Joe Lombardo – the sitting sheriff of Nevada’s largest county – has peddled the Big Lie for political gain, completely disregarding the fact that it led to a violent insurrection and the death of law enforcement officers. With increased threats of voter intimidation and election violence, Lombardo’s refusal to denounce the Big Lie could put Nevadans’ safety at risk.
Read more about Lombardo’s craven campaign tactic below.
November 3, 2022
- Last week, the U.S. government warned that domestic terrorists pose a heightened threat to the midterm elections, and law enforcement is on alert.
- But if social media sites are any indication, mistrust of the election process and warnings of fraud are rampant in Nevada.
- Republican gubernatorial candidate and Metro Sheriff Joe Lombardo, Clark County’s top law enforcement officer during three elections, has dipped his toe in election-denier waters, but has refrained from taking the plunge.
- Lombardo told the Reno Gazette Journal earlier this year that he doesn’t know if the 2020 vote count was accurate. He favors enhanced voter ID requirements and supports a bipartisan election integrity commission that would have authority to audit county election results.
- “Lombardo is trying not to be an election denier while trying not to piss them off,” says UNLV Political Science associate professor Rebecca Gill. “Its clear to me that Lombardo never has believed that there was significant election fraud, because he’s not a stupid man.”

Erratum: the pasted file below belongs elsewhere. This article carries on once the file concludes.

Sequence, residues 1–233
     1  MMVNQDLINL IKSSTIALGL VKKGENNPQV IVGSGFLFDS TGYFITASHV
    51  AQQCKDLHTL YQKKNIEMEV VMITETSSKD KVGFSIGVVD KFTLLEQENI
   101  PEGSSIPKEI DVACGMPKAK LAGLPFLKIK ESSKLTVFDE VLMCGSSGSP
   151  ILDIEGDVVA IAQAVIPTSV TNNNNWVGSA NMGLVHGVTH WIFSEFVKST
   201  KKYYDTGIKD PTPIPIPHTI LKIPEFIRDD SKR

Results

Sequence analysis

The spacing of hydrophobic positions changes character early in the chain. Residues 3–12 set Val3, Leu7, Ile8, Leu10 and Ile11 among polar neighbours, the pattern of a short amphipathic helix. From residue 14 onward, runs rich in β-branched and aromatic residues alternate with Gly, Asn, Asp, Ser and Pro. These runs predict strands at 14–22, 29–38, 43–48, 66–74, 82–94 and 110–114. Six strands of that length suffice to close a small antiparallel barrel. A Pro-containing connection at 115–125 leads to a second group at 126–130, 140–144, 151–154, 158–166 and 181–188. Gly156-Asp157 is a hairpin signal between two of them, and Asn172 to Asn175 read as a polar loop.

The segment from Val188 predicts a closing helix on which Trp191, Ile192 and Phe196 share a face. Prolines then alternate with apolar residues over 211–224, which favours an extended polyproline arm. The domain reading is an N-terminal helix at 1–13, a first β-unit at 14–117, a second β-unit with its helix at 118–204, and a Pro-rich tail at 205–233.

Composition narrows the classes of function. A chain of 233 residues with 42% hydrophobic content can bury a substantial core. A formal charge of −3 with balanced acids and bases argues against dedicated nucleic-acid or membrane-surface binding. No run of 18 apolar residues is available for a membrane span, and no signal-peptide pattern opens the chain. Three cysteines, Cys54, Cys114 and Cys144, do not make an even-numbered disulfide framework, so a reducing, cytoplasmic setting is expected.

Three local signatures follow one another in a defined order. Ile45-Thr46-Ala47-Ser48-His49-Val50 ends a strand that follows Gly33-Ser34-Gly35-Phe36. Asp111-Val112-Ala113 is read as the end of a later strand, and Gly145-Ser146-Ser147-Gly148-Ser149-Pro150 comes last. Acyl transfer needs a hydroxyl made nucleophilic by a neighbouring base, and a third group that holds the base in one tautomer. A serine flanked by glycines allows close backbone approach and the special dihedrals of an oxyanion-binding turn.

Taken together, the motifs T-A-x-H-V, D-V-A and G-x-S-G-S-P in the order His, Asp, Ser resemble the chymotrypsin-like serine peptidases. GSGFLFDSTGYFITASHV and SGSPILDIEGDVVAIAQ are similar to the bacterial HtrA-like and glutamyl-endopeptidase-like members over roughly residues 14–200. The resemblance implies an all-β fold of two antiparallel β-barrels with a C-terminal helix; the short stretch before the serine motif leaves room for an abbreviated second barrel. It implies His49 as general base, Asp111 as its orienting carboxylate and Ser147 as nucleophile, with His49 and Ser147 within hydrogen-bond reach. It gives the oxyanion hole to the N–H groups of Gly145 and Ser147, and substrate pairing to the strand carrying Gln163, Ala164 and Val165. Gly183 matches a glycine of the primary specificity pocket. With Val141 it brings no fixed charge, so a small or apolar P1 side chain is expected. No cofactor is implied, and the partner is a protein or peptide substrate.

- But Gill says Lombardo has missed the opportunity to use his platform as a candidate and sheriff to denounce the lies and distinguish himself from the rhetoric.
Read the full story here.
Davey Alba, Jack Gillum
November 2, 2022
- Bloomberg’s review found 160 candidates promoting the falsehood that Biden had lost the presidential race, going back at least a year. Nearly 400 election-denying posts from Republican candidates on Facebook collected at least 421,300 total likes, shares and comments across the platform, and reached as many as 120.4 million people, according to CrowdTangle, a Facebook-owned social media analysis tool. On Twitter, 526 tweets promoting the Big Lie carried at least 401,200 shares on the platform, according to Bloomberg’s analysis.
- Some of the candidates in Bloomberg’s analysis appeared to slow their prognostications after winning their primaries, thus needing to make their messages more palatable to a general election audience.
- “Ultimately, using social media to spread election denialism is about sowing doubt in democratic processes and normalizing contestation,” Donovan added. “If we continue down this path, political violence will become a more common response to elections in general.”